Building begins at 6:30 pm and spectators are encouraged!  Registration is $10 and includes 1 drink ticket.  19+.

A huge thanks to our amazing sponsors for prizes:

  • Scandinave Spa Whistler
  • Escape Route
  • Nesters Market

The Saga of the Brew Hut Part II

Last week we introduced the Brew Hut, first constructed by the UBC Varsity Outdoor Club on Mount Brew in 1982.  This first hut was moved and reconstructed due to snow creep and accumulation.  With the reopening of Brew Hut II in 1985 the VOC thought that the saga of the Brew Hut was over, though this was not to be.

At the time, Tim Booth wrote in the UBC VOC Journal Volume 28, 1985, “At sunset the Tantalus Range and Cloudburst Mountain were silhouetted, and although the lights of Whistler and Squamish could be seen shimmering below at night, the cabin has a feeling of isolation and tranquility despite being easily accessible.”

The construction of Brew Hut II, 1984. Photo: UBC-VOC Archives.

In the years to follow, trip reports and articles written in the UBC VOC Journal describe the challenges of finding the Brew Hut II, even in the best traveling conditions.  Perhaps because Club members forgot about the hut or because they were busy exploring other areas, the Brew Hut II went through a long period of disuse.

Nearly a decade after the hut had been reconstructed, the Club invested in new materials to repair one end-wall that had been completely crushed by the snow, as well as new roofing materials to replace the leaky rood.  According to Markus Kellerhals’ article in the UBC VOC Journal Volume 37, 1994, “over 40 enthusiastic new and old VOC’ers had signed up to come out.”  These renovations were completed over a weekend in September 1994 and the hut was once again on the Club’s radar.

Five years later, in the winter of 1999/2000, over 7 metres of snow fell and completely crushed the Brew Hut II.  Roland Burton, who was responsible for constructing the first Gothic arch hut built by the Club in Garibaldi Provincial Park in 1969, resumed his status as an active member and led the Club in their investigation into a new site for a hut on Mount Brew beginning in the winter of 2000.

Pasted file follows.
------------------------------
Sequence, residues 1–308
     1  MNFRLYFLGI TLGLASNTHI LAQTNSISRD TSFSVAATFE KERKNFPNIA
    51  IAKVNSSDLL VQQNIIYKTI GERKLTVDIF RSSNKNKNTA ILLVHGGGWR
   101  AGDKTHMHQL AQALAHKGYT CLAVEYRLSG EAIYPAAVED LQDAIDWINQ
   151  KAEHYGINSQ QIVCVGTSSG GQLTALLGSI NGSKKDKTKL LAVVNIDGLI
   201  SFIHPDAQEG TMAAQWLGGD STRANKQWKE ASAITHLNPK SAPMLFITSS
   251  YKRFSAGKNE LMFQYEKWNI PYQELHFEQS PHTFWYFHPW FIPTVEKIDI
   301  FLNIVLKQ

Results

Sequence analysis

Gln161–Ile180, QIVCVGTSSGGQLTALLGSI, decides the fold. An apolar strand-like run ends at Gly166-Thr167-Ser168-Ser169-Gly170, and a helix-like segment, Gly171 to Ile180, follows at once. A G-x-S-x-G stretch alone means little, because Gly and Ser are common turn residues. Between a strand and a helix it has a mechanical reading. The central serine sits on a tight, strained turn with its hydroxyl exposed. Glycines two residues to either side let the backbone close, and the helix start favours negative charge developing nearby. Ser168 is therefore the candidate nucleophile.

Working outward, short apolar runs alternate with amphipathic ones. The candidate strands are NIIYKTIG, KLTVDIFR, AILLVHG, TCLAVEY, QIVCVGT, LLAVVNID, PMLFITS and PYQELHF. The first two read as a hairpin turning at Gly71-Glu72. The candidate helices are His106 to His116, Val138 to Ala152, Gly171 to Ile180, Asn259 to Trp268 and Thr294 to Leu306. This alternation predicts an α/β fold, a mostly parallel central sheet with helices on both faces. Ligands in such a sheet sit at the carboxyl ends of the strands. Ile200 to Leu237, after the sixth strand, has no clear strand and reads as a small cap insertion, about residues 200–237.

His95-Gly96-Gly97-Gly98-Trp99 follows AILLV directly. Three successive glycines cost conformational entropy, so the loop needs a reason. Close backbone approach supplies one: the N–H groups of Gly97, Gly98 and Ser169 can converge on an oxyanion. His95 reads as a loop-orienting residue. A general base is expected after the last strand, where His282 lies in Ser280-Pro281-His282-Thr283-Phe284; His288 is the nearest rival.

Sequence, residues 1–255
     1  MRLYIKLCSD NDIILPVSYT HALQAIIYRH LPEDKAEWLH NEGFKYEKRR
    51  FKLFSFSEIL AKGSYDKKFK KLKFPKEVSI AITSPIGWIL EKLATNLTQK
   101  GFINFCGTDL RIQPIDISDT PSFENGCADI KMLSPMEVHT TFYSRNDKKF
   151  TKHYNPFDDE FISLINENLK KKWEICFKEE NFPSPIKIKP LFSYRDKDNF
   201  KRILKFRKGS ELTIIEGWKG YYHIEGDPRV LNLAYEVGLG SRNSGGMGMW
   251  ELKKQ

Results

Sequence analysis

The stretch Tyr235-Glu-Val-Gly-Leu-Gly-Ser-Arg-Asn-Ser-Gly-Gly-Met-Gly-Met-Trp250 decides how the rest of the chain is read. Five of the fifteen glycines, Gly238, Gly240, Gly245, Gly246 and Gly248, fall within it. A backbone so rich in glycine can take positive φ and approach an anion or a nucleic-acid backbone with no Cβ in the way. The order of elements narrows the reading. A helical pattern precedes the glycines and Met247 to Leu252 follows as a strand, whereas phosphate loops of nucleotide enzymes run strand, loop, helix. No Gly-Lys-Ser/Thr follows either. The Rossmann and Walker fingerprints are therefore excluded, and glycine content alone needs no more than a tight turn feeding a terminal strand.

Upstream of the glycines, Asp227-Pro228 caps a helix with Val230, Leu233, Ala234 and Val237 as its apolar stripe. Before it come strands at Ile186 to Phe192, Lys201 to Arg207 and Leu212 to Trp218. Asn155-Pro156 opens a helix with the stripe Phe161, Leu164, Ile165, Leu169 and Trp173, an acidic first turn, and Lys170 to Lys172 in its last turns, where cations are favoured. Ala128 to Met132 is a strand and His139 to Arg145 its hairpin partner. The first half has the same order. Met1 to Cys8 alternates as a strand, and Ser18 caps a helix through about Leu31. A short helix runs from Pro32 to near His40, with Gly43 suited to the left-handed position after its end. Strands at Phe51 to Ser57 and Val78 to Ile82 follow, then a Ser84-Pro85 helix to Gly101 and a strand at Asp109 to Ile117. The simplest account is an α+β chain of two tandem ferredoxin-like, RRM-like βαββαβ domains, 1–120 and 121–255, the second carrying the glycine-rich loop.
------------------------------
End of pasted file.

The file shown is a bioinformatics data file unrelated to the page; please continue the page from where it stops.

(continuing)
Framing of Brew Hut III underway in 2005. UBC-VOC; UBC-VOC Archives

Near the Christmas of 2004, the Club began the process of constructing Brew Hut III on a new site that had been well investigated.  The Club chose to build a hut using a new hut design modeled after a small car garage with an A-frame rood.  By the fall of 2005, the Club had successfully completed the construction of Brew Hut III.

Brew Hut III has proven much easier to find, even in poor weather conditions.  The new location has not had the same snowfall accumulation and snow creep issues as the two previous locations and the Brew Hut II still stands in its location today.  This concludes the Brew Hut Saga.

Brew Hut III in the winter of 2015. Photo: UBC-VOC; UBC-VOC Archives

This won’t be the last time you hear about Gothic arch huts from us.  Our exhibit with the Virtual Museum of Canada is nearing completion and we can’t wait for you all to get the chance to explore it.  Huts will also be the theme for our upcoming Big Kids LEGO Competition on Tuesday, December 5.  Competitors will have the chance to build the hut or campsite of their wildest dreams and win prizes for their efforts!